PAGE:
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Clinton Group Sends Letter to VIVUS CEO, Says Co. Should Do More to Give Info on Strength of 2020 Patents

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October 10, 2013

Board of Directors Vivus Inc. 1172 Castro Street Mountain View, CA 94040

Re: Defending the Company's Intellectual Property

Gentlemen:

I write on behalf of Clinton Group, Inc., the investment manager to several partnerships and funds (“Clinton Group”) that collectively own more than 1% of the common stock of Vivus Inc. (NASDAQ: VVUS). We intend to continue to buy stock.

We own Vivus shares because we believe the Company is significantly undervalued given the efficacy and market potential of Qsymia, seemingly the most effective weight-loss drug in history. We were enthusiastic supporters of First Manhattan during the proxy battle and believe the new Board and Chief Executive are working effectively to create value for all stockholders.

As you know, the Company's intellectual property has been challenged by an anonymous blogger and by an analyst at Lazard Capital Markets (“Lazard”). We believe these attacks are unwarranted and ill-founded and that the Company should do more to provide information to the market about the strength of its intellectual property assets.

As investors, we conducted extensive diligence on the Company's patents, including hiring a nationally recognized law firm whose intellectual property practice (consisting of more than 125 attorneys) is consistently ranked in the top five of all law firms in the country. The lawyers who assisted us are litigators whose principal practice is attacking the validity of biotechnology patents. We asked them for an objective review of the Company's 2020 patents.

These independent lawyers have provided us with a detailed memorandum that analyzes the prosecution histories of the Company's patents (including a review of the prior art cited therein) and relevant case law. Counsel reached the following notable conclusions:

- “Based on our analysis, it is our opinion that there is a high likelihood of success in defeating any obviousness challenge to the validity of the Vivus Qsymia Patents.”

- “[A] body of prior art explicitly taught away from the claimed invention and repeatedly warned against the use of phentermine in combination therapy. Indeed, the conventional wisdom in the industry as of the relevant date was phentermine monotherapy--not phentermine combination therapy.”

- “Additionally, in our opinion, any obviousness challenge to the Vivus Qsymia Patents will likely be defeated in view of the evidence of unexpected results presented to the [United States Patent and Trademark Office (the “PTO”)]. .... During prosecution, [Vivus] submitted scientifically sound evidence of unexpected results of the combination. … Such [a] showing, without more, is generally sufficient, as a matter of law, to rebut a prima facie case of obviousness. … [A]ny potential obviousness challenge to the Vivus Qsymia Patents would have to rebut the showing of unexpected results currently of record before the PTO, by clear and convincing evidence. And, this challenge would likely fail.”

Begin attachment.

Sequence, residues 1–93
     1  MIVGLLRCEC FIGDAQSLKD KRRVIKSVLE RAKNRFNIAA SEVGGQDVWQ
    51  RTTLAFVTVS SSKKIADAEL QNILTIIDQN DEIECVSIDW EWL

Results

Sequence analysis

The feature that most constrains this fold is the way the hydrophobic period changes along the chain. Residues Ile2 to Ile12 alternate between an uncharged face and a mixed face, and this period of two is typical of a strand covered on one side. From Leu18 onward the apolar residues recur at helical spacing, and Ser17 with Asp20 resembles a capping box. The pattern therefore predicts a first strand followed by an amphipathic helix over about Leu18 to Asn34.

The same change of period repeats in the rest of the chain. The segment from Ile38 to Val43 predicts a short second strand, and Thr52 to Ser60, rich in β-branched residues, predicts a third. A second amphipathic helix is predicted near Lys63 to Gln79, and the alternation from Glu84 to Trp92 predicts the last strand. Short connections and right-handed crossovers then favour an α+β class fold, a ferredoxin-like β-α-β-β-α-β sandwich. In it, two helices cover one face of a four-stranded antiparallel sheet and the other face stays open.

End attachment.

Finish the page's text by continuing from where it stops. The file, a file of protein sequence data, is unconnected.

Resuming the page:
- “We believe, based on the current record before the United States Patent and Trademark Office (the “PTO”), any potential challenger likely cannot rebut the presumption of validity afforded the issued Vivus Qsymia Patents by clear and convincing evidence. This is especially true here where the challenger would bear the extra burden of overcoming the deference due to the Examiner, in view of the detailed findings, substantial evidence and well-reasoned analysis.”

Most recently, we asked counsel to comment on the conclusions of a Lazard research report published on September 4, 2013 (the “Lazard Report”). Counsel provided us with the following opinion:

“[T]he Lazard Report is fundamentally flawed in its analysis as it ignores the totality of evidence before the PTO. The Lazard Report is limited as it exclusively focuses on a single prior art reference, while ignoring the balance of the prior art and evidence of record during prosecution establishing the state of the art as of the relevant date. On its face, the Lazard Report [also] fails to consider the remainder of the evidence pertaining to the unexpected results associated with phentermine/ topiramate combination as it ostensibly fails to evaluate any of the record evidence.”

We encourage the Company to fend off perfunctory analyses, such as those contained in the Lazard Report. As you undoubtedly know, short sellers have been particularly aggressive with the Company's stock, borrowing and shorting more than 33% of the float (according to Bloomberg). (We note that the short interest peaked immediately prior to the Lazard Report.) We believe the Company has an obligation to ensure stockholders do not suffer at the hands of specious claims and analyses.

We therefore encourage the Company to be more proactive in providing stockholders with information concerning its intellectual property. On that score, we look forward to an announcement from the Company regarding the two new patents it has seemingly been granted, extending its exclusivity on Qsymia to 2028.

Best regards. Gregory P. Taxin President

Posted-In: News

 

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